Speaking Engagement Talk Synopses

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Dr. Tannen offers talks on a range of topics. Among those most frequently requested are listed below.

Please contact Deborah Tannen’s assistant, Kate Murray, at tannend@georgetown.edu or 202-687-5910 if you are interested in inviting Dr. Tannen as a speaker.


Why don’t we just say what we mean?  We do—but how we say what we mean tends to vary by gender (as well as by many other influences, such as culture, region, and personality).  Most ways of speaking work well when expectations are shared but can result in miscommunication and mis-evaluation when they’re not. Drawing on the original research described in her best-selling books, You Just Don’t Understand and Talking from 9 to 5, and tracing gender patterns to children’s use of language in same-sex play, Dr. Tannen explains how women and men tend to (and are expected to) use language in the workplace—and how the differences in those conversational styles can affect who gets heard, who gets ahead, and what gets done.  Presenting video clips of real interaction to illustrate both children’s play and adults’ use of language at work, the lecture provides an overview of the many ways of speaking that can vary by gender, then explores in depth how women and men tell others what to do.  The lecture concludes with suggestions for avoiding and overcoming the negative consequences of differing speaking patterns, giving audience members tools to use to improve their work lives.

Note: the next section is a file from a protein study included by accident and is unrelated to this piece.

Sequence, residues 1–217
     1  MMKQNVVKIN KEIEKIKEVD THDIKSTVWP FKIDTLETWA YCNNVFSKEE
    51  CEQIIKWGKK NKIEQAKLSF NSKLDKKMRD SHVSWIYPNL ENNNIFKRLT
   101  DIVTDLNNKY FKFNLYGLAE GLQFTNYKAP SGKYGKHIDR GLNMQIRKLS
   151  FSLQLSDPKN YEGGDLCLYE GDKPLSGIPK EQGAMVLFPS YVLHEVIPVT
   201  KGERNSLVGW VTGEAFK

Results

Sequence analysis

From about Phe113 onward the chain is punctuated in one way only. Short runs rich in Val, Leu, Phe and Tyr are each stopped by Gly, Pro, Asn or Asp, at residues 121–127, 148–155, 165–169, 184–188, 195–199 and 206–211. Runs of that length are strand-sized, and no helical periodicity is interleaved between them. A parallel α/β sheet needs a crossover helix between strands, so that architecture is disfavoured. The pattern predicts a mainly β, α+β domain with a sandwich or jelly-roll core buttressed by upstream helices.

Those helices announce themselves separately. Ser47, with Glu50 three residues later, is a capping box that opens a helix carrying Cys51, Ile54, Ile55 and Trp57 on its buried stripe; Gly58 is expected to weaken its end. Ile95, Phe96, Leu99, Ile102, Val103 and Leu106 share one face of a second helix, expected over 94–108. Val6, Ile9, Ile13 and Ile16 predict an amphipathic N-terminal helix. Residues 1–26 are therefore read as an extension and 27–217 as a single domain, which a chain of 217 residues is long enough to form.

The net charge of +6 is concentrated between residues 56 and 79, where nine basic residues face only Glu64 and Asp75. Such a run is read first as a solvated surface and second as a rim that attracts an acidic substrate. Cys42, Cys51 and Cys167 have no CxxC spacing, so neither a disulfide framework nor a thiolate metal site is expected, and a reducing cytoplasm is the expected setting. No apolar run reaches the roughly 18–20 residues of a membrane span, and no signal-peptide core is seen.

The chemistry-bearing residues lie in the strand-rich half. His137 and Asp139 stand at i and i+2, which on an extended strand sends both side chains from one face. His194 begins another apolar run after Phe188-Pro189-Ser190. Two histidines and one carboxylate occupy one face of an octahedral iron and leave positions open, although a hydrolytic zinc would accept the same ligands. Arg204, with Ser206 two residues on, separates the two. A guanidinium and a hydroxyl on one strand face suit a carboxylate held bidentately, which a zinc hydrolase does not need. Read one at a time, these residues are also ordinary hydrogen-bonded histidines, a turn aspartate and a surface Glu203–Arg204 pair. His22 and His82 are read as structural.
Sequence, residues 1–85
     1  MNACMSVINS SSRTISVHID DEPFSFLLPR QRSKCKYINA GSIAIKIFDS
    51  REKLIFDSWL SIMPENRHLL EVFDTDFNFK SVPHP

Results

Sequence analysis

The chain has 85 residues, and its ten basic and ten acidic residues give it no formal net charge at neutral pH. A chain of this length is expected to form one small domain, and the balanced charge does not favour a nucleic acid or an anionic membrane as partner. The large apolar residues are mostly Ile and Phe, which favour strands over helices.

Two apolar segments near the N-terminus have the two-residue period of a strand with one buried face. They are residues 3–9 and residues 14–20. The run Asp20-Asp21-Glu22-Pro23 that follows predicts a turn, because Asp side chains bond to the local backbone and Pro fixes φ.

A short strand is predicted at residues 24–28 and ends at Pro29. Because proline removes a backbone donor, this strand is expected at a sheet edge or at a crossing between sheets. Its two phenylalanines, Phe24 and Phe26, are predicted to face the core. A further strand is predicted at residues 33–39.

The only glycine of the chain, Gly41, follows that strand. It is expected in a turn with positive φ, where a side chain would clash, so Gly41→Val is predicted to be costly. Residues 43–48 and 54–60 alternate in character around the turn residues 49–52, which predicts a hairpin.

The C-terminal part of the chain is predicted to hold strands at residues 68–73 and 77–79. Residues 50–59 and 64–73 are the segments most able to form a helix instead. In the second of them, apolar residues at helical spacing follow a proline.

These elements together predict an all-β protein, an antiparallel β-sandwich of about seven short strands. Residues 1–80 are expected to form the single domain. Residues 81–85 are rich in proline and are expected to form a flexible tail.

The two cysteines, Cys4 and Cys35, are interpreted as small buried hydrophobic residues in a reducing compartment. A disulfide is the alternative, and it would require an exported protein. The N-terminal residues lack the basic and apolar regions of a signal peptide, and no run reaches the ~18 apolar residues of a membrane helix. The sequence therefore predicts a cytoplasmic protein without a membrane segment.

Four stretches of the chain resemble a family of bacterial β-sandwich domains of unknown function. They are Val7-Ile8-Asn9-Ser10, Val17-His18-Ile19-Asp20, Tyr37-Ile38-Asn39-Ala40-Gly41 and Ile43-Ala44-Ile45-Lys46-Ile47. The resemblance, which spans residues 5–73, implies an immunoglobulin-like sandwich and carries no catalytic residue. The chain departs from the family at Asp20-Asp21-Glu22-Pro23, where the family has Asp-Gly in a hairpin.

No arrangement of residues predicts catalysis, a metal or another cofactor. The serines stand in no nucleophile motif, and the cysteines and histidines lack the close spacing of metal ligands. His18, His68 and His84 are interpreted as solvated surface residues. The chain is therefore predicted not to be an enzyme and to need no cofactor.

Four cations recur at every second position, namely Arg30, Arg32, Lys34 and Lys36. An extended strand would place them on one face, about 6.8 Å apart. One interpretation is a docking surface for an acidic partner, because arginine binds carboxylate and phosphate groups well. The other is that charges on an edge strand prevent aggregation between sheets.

Can We Talk? Women and Men in Conversation

Talk between women and men can feel at times like cross-cultural communication. The reason, Deborah Tannen shows, is that, in many ways, it is!  Drawing on the original research described in her #1, four-year New York Times best-seller You Just Don’t Understand, Dr. Tannen shows why women and men can walk away from the same conversation with completely different ideas of what was said.  Tracing gendered patterns to children’s use of language at play-- illustrated by real-life video clips-- the lecture then uses examples of typical conversations to uncover the logic behind both women’s and men’s conversational styles, and to explain how those differences can lead to frustration on both sides.  With her amusing and non-judgmental approach, Dr. Tannen concludes with suggestions for avoiding and overcoming miscommunication resulting from gender-related ways of speaking.

Based on an organization’s needs and interests, the lecture can include exploration of adult family relationships, and can also focus on any one of these: mothers and daughters, sisters and brothers, women's and men's use of social media.